One will be in my safe soon.

    • avatarHank says:

      +1 Agreed. After looking at the LCP, 738, and others, this is a great pistol. Yes, there’s a slight size compromise, but it pays off in a pistol that is actually fun to shoot.

      As for it being a 380, I’ll take shootingthebull410′s thorough research over all the bloviating any day of the week.

  24. avatarDr. Kenneth Noisewater says:

    Anyone release a +2 baseplate for this yet? It’d be good for pinkies..

    • avatarDaniel Casher says:

      Galloway Precision will soon have a +1 Mag Extension on the market. Around $15. I might or might not opt for it. They already have a Stainless Steel guide rod assembly for $22. This is the best 380 I have ever shot. My only complaint was the finger grip ribs on the end of the slide weren’t aggressive enough. I fixed that with a couple of little pieces of grip tape. I installed Ameriglo night sights on mine, and that is all I’m gonna do I think. At first I wanted to lighten the trigger pull, like on my G19, but not now. A little dry fire practice and the little 42 is just fine. I load it with Precision One 90gr FTX which shoots just fine in it. I did run a box and a half of Buffalo Bore 100gr +P Hard Cast Flat Nose through it with no problems whatsoever, but they are quite a bit snappier, and I don’t like the over penetration factor. I love the bone crushing flat nose bullet, but I prefer my rounds to stay inside the recipient. The Precision One’s tested great, with 12-14″ penetration and expansion. I won’t abandon my G19 or my Sig P938, but I have no fear of carrying the G42 at all. A great little gun.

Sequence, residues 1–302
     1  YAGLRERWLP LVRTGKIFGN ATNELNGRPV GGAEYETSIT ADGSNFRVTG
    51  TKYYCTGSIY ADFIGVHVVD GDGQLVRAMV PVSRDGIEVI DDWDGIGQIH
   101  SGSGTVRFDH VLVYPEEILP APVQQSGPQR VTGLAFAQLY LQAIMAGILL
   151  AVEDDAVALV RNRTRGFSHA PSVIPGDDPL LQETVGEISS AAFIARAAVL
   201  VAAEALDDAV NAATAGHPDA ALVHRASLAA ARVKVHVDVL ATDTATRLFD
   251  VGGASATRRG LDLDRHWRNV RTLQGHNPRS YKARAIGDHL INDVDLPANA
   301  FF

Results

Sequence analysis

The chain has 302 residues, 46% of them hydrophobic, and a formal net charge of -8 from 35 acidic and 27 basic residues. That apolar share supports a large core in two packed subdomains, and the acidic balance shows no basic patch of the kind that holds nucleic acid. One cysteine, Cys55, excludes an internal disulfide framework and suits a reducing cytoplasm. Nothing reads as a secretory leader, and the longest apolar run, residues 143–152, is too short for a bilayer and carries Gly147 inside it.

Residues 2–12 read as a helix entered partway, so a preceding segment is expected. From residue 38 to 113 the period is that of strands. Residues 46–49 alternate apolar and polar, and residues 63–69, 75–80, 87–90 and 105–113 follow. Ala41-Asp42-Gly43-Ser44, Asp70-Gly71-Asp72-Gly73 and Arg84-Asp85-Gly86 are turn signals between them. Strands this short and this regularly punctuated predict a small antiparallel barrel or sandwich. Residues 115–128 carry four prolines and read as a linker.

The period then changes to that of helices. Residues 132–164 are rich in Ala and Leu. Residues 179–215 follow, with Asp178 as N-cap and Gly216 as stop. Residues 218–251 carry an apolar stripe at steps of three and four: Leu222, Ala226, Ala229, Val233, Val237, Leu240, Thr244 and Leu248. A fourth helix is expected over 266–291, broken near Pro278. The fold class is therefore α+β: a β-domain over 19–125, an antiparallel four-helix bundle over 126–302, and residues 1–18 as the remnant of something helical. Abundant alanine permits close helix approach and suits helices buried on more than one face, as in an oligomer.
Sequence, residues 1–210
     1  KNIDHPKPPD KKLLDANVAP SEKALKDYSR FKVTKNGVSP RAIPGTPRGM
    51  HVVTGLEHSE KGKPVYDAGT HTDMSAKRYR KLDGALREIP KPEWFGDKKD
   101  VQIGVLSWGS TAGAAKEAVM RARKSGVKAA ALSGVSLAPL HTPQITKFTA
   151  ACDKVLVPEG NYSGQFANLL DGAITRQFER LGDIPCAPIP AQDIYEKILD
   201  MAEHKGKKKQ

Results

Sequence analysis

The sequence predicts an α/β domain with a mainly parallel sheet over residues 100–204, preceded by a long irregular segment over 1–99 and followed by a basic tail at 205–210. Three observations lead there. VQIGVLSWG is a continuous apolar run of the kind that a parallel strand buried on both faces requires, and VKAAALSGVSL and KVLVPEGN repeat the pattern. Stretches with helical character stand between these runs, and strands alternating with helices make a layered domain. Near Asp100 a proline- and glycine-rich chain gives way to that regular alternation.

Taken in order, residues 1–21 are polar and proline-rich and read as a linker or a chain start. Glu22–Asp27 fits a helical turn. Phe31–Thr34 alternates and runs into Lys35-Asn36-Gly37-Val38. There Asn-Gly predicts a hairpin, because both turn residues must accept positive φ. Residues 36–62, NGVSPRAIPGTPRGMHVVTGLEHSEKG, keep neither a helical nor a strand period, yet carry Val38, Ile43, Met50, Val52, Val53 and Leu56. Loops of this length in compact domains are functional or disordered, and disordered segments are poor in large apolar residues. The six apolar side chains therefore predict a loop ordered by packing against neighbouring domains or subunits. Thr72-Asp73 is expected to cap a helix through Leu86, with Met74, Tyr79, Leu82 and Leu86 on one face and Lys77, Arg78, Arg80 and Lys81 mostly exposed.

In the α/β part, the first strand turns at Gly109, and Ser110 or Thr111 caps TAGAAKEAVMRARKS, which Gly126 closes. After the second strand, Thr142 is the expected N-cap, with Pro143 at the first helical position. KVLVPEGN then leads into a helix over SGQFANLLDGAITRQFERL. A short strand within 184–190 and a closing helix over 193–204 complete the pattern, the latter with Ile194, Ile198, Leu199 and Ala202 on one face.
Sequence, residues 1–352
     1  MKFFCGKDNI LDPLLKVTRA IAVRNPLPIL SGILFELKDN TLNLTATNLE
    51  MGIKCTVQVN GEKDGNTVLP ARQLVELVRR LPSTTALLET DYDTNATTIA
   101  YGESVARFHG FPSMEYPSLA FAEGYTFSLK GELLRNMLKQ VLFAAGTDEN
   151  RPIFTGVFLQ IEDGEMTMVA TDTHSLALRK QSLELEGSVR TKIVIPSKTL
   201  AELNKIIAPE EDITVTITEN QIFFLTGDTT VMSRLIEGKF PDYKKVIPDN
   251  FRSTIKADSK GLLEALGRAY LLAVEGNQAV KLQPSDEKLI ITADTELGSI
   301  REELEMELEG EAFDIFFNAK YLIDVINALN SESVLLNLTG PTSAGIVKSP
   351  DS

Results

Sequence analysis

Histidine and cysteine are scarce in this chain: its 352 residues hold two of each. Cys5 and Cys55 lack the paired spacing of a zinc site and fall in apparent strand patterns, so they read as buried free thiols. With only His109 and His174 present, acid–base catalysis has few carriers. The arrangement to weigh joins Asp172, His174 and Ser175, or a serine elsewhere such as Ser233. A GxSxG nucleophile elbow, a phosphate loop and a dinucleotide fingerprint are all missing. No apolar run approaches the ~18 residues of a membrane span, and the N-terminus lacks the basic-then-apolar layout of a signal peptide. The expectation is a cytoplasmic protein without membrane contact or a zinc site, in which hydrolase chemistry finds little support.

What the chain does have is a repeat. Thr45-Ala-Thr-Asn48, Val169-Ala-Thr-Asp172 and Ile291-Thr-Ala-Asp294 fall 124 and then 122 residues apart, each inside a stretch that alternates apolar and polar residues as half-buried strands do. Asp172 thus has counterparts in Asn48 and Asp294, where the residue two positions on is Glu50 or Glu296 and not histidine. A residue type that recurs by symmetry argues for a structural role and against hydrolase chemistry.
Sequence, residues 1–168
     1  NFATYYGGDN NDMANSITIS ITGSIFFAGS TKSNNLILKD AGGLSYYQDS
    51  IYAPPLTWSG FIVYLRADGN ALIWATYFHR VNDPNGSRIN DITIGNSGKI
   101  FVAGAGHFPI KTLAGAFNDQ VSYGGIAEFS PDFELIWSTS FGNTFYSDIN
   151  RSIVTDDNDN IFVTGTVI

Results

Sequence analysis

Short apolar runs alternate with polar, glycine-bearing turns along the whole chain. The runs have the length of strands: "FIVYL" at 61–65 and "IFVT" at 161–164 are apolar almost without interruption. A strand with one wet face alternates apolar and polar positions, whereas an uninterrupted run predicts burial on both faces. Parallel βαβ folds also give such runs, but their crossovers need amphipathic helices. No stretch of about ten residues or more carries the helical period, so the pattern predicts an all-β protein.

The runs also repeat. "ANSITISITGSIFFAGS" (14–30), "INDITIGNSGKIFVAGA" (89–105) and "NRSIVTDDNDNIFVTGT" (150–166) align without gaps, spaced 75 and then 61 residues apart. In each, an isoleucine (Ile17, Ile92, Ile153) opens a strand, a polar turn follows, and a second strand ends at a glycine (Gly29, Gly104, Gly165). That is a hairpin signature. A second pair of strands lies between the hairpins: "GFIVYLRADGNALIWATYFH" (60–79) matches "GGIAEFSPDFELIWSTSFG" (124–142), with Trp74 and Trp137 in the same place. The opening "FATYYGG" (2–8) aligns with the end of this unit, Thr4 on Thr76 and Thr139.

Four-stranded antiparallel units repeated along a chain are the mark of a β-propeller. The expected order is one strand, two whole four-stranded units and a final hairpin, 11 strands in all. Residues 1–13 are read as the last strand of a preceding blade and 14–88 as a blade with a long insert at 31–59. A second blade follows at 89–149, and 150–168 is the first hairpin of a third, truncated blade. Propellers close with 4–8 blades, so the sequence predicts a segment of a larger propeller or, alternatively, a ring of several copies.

25. avatarCogline says:

    I hope that this hot selling Glock will lead to more/cheaper .380 ammo being available. Would love the cost of shooting my PPK to come down some.

    Maybe Glock could have silenced some of the critics if they had called it a 9mm Kurz instead of a .380.

  26. avatarcatboss says:

    What? You can’t come up with your own stuff, you have to steal Ghost Buster lyrics? – “dogs and cats living together, real wrath of God type stuff”.
    I’ll bet you thought no one would call you on this.

    • avatarRalph says:

      Wow! You are the only human being in the entire universe who has ever seen Ghostbusters and remembers that particular scene! Thank you for helping us out. We are not worthy to be in the presence of your eidetic memory. Now go back to your Xbox and leave the adults alone.

    • Yes. You caught me. I’m guilty. I’d concocted a nefarious plan to use an obscure quote only a handful of dedicated cinemaphiles would have heard from a movie almost no one has ever seen and pass it off as my own original work. But somehow you saw right through my carefully veiled web of deceit.

      Bravo, sir. You’re obviously the better man. I hereby turn in my cinematic reference card and I’m canceling my Netflix membership.

  27. avatarkato says: